I do love the excuse to enjoy sparkling burgundy at Christmas. It’s such a delicious “kid’s drink for adults”, and suits the sense of festivity that Christmas should bring us. If I could find a Melchizedek of it, I’d be delighted.
Keh?, you say. Come again? Have you imbibed too much of the stuff? No, ‘Melchizedek’ is the name for a rare (thankfully) 30-litre bottle of wine.
When your bottles get bigger than a magnum (a wine term most people know), the larger sizes are described using names from the Bible. They are named after the kings of Israel recorded in the Hebrew Bible (what Christians refer to as the ‘Old Testament’): Rehoboam, Jeroboam, Methusaleh, Shalmanazar.
As the bottles grow, the names seem to get harder to pronounce. Balthazar, Nebuchadnezzar, Melchizedek. There’s a Goliath in there, too.
A weird thing to be doing, if it were not for having the Bible in our veins.
How did this come to be? No one really knows, but there are some agreeable guesses going around. For example, the six-litre Methusaleh might have been given that name because it could age for a very long time in the bottle, just like the venerable old man of the Bible who is said to have lived to 969 years old. (Genesis 5:27)
Whatever the actual reason that wine bottles are named like that, it is another example of how the rich and complex stories of the Bible have seeped into our culture. They run through our veins like the wines we are talking about, even when people don’t know anything about the characters or stories to which they refer.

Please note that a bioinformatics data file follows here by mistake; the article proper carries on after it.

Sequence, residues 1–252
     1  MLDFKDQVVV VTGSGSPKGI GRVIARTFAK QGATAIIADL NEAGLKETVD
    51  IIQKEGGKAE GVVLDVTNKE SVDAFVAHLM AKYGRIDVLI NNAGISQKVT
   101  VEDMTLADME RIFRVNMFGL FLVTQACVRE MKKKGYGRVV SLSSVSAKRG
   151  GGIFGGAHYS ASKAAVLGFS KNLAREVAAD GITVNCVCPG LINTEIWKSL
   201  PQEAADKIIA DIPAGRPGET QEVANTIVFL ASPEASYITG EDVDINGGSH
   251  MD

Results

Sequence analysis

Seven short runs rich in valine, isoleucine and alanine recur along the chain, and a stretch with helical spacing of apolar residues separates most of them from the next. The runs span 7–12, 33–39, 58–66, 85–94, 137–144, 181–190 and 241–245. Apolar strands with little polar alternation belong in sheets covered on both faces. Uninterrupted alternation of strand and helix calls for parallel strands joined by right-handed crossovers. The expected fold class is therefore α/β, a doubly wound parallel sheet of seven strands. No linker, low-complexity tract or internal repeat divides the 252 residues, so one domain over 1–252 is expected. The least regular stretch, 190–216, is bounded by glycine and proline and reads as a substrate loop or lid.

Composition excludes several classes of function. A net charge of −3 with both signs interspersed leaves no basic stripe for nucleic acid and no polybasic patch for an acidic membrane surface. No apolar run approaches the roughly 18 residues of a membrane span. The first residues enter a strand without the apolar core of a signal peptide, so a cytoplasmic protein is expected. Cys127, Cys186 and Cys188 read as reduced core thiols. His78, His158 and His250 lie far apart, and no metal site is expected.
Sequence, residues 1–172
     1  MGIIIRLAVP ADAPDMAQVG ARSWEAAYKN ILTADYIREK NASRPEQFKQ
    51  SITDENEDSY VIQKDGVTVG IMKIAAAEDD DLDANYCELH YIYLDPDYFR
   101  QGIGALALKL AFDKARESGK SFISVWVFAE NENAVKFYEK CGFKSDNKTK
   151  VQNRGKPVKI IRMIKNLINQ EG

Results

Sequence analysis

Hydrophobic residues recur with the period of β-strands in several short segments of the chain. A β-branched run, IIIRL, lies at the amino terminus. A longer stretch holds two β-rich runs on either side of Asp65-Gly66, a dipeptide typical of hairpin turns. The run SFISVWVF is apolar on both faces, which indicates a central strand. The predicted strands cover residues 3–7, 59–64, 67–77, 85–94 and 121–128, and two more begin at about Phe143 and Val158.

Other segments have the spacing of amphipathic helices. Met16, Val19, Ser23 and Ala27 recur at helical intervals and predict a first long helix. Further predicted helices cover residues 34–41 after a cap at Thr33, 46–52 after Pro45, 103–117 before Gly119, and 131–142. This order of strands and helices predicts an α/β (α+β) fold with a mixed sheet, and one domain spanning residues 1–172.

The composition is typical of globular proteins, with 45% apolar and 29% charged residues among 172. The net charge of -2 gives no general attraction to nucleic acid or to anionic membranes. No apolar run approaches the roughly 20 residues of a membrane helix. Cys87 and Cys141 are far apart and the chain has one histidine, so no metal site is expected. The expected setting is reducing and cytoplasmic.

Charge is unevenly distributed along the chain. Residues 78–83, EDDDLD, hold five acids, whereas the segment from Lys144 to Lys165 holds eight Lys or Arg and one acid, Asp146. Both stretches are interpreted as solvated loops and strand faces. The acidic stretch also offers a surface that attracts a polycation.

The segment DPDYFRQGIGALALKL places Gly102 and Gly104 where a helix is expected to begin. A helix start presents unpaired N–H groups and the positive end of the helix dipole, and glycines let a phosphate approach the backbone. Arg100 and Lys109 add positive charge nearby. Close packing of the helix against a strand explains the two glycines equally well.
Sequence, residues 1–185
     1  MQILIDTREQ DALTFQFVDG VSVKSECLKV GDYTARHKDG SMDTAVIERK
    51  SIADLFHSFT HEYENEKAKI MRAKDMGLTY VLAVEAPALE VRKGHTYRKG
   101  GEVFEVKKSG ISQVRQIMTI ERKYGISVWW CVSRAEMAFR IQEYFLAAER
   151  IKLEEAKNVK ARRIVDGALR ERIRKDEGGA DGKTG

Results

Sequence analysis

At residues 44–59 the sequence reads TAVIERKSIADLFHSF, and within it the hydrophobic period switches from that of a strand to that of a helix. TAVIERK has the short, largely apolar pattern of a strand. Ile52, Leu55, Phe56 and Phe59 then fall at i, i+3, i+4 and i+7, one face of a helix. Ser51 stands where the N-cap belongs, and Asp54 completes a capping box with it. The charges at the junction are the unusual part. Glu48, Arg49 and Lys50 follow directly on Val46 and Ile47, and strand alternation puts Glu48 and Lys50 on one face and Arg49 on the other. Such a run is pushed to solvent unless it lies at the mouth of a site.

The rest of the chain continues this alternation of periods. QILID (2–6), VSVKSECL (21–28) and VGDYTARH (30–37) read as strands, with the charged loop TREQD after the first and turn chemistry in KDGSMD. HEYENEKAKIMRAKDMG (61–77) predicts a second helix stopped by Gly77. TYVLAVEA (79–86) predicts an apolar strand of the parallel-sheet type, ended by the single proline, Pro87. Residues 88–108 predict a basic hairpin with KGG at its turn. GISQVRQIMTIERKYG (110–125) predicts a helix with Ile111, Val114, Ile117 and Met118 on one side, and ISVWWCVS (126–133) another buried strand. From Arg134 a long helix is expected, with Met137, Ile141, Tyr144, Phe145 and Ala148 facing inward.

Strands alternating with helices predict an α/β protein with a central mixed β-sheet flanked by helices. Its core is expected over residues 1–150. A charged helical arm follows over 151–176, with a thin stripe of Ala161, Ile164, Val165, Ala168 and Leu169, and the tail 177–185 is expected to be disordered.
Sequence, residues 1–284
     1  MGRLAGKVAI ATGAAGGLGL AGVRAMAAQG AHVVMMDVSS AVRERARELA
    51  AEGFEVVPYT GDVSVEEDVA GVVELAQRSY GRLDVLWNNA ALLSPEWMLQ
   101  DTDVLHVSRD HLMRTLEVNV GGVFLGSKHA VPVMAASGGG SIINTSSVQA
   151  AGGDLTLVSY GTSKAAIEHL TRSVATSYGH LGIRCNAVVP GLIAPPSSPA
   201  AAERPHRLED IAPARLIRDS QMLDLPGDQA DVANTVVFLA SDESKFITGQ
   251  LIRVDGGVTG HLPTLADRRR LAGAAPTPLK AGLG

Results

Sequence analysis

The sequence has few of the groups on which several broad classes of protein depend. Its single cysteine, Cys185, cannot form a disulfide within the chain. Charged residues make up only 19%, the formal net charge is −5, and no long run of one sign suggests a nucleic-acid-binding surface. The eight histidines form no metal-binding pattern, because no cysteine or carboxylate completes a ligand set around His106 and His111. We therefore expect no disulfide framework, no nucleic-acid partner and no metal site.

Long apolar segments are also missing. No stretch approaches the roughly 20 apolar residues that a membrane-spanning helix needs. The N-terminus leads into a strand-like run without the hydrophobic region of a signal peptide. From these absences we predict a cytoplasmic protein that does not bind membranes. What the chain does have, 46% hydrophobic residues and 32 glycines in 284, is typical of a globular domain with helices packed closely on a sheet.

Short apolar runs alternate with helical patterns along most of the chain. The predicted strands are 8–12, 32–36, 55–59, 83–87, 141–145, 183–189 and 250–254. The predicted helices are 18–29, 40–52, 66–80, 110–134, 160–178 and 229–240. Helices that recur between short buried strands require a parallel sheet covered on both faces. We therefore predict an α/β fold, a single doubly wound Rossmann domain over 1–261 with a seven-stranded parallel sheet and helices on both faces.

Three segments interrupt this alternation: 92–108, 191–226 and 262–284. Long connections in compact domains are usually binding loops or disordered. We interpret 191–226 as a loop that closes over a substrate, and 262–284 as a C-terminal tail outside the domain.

Christmas is always a bit like this in Australia: people who have never attended church find themselves singing “with the angelic hosts proclaim, ‘Christ is born in Bethlehem!’”, a somewhat weird thing to be doing were it not for the Bible in our veins.
That’s when Christmas lifts to a new level…
Families will be assembling toy donkeys, camels and wise-looking men wearing robes on their mantlepieces at home, having some vague idea that this is about religion, but knowing nothing about the nativity accounts recorded in the Gospels of Matthew and Luke.
I like the way Christianity lingers in the December experience of every Australian. I’d be really sad to see it go. But I do know that it is only on the periphery for many people, in the name of a wine bottle or a display of animals and a baby on a lounge-room shelf.
It would be so much more satisfying if the deeper meaning of Christmas could surface along with the residual biblical traces. To be confronted with the idea that God became human in the person of Jesus, with all of its profound implications, is to really experience Christmas cheer. To sing ‘veil’d in flesh the Godhead see’ and really be struck by what is being claimed there. God with us, God in a form we get, God humbly human.
That’s when Christmas lifts to a new level, and that’s a better reason than any to crack open a Methusaleh and give thanks with friends and family this year.
Greg Clarke is the Group Chief Executive Officer of Bible Society Australia and author of The Great Bible Swindle.